July 23, 2014

New Study: Sitting too much associated with reduced cardiovascular health

From Stone Hearth Newsletters: The study, published in today’s online edition of Mayo Clinic Proceedings, examined the association between fitness levels, daily exercise, and sedentary behavior, based […]
July 23, 2014

Pennington Pedal Desk

Dr Catrine Tudor-Locke of the Pennington Biomedical Research Center describes the pros and cons of pedal and treadmill desks.
July 17, 2014

Smartphone app aimed at reducing sedentary time

From PLOS ONE: Purpose Excessive sedentary time (SED) has been linked to obesity and other adverse health outcomes. However, few sedentary-reducing interventions exist and none have […]
March 28, 2014

Revenge of the "Sit", Part 2

A new review in the journal Mental Health and Physical Activity looks at the potential impact of sedentary behaviour on mental health: It is generally understood […]
March 25, 2014

SBRN Members featured on Quirks and Quarks

SBRN members Genevieve Healy and Mark Tremblay were featured on an episode of the science radio show Quirks and Quarks, discussing the health impact of sitting. […]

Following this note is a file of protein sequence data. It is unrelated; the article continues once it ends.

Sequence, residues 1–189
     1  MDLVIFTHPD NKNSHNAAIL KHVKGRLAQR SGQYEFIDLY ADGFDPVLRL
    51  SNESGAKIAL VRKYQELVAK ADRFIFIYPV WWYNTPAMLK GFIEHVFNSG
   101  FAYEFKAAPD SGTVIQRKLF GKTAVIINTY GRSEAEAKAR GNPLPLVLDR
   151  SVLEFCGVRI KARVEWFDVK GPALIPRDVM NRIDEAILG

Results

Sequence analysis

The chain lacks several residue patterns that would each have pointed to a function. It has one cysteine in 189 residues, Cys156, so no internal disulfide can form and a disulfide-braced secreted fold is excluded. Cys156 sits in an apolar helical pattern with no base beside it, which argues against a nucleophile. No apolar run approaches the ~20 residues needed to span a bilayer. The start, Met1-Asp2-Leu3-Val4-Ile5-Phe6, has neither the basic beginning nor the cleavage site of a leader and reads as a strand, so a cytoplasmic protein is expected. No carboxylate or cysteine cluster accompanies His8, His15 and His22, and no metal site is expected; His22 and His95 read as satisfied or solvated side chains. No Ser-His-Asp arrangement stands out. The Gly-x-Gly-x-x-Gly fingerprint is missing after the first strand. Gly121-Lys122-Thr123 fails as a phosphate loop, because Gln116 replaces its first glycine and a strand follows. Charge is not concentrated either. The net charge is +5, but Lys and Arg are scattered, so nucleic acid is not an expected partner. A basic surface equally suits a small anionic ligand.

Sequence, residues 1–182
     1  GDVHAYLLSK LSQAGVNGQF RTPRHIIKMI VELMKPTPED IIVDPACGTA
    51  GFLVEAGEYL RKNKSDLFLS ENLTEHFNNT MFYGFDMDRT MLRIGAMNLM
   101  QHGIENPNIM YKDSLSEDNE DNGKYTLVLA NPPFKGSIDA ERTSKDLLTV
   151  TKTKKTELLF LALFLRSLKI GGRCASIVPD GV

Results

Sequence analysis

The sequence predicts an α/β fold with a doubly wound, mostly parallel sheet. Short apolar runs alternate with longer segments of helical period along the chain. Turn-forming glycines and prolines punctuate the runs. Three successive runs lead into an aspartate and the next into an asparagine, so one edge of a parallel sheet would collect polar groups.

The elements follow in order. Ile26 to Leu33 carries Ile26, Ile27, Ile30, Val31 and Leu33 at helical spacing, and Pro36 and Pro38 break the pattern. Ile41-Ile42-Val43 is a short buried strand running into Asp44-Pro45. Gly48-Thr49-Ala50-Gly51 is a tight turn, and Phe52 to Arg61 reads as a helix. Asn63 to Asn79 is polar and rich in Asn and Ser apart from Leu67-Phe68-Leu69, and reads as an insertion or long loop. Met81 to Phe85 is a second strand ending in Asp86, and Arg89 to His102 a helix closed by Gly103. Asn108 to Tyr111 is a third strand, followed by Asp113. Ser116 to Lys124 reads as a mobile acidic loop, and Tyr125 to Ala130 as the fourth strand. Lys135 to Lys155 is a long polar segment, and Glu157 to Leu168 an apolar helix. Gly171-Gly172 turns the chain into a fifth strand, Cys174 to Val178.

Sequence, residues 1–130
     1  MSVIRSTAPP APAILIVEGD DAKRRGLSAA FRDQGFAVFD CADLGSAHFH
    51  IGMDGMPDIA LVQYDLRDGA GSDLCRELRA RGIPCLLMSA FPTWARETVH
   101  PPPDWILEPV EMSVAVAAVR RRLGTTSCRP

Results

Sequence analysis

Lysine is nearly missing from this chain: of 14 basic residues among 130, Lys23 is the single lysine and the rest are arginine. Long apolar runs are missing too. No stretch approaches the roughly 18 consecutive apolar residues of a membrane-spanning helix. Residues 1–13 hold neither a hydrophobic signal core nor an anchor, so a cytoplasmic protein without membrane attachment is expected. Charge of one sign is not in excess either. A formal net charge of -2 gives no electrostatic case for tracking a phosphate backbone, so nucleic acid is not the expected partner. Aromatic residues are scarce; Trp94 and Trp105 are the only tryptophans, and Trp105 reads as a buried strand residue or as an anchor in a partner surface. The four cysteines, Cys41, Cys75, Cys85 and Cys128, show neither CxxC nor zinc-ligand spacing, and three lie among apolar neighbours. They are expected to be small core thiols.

March 22, 2014

University of Otago seeking PhD/MSc students for sedentary behaviour research

Dr Meredith Peddie of the University of Otago (New Zealand) is currently looking for a PhD/MSc student to investigate the energy expenditure and possible dietary compensation […]
March 6, 2014

Sedentary behaviour workplace wellness posters

The Heart Foundation of Australia has created a series of excellent workplace wellness posters targeting sedentary behaviour that can be printed off from their website. Sit-Less […]
February 19, 2014

Reconsidering "Reconsidering the sedentary behaviour paradigm"

Earlier this week we posted the abstract of a study concluding that sedentary behaviour may not have health effects independent of physical activity.  David Dunstan and colleagues […]
February 16, 2014

New study: Reconsidering the sedentary behavior paradigm

A new study published in PLOS ONE suggests that sedentary behavior may not be associated with health independent of total physical activity.  From the abstract: Aims […]